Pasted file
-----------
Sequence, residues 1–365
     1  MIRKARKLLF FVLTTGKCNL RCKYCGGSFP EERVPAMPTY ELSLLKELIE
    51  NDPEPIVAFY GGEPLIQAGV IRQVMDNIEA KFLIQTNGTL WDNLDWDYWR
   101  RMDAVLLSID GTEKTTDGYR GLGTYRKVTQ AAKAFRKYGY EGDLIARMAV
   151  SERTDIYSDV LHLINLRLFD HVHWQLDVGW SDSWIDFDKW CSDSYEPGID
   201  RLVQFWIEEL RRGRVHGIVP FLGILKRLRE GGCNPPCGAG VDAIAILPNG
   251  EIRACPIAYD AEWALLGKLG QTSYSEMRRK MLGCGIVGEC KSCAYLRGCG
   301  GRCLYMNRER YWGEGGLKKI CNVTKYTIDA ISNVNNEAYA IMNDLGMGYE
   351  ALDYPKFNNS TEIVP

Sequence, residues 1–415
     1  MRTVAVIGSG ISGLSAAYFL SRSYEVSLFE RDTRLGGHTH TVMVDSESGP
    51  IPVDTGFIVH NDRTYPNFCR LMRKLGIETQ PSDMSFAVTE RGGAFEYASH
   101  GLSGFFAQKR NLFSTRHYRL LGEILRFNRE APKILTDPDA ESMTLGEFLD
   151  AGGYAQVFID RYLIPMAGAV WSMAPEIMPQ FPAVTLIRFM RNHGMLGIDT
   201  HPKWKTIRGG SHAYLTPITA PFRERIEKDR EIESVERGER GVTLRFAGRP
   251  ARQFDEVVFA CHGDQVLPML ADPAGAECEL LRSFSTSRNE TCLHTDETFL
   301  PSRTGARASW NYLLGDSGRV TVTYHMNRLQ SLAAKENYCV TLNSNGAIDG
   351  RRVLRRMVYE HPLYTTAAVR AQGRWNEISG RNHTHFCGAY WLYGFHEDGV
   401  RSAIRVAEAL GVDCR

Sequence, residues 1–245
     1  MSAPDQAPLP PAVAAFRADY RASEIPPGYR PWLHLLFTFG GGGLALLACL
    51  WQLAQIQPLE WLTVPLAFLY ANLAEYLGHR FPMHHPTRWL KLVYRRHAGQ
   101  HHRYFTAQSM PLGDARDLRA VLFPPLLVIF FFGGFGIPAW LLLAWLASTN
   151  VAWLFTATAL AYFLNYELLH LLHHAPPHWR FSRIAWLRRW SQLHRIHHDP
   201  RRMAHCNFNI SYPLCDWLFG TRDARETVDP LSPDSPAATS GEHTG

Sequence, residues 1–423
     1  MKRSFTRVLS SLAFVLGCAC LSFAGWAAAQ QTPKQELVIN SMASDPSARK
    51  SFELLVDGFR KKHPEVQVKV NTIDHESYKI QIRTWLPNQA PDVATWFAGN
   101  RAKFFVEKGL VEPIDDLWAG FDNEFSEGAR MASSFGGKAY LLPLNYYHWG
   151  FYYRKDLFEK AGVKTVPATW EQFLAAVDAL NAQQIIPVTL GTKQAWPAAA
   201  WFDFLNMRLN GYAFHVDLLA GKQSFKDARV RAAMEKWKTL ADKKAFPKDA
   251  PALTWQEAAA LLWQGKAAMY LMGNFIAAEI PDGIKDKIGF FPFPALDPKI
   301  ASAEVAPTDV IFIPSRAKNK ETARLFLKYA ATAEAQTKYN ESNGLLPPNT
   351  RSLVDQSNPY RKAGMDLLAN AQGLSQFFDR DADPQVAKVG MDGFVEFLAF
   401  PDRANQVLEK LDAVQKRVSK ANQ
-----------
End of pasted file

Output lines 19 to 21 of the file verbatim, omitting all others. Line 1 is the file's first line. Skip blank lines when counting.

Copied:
   401  RSAIRVAEAL GVDCR

Sequence, residues 1–245
     1  MSAPDQAPLP PAVAAFRADY RASEIPPGYR PWLHLLFTFG GGGLALLACL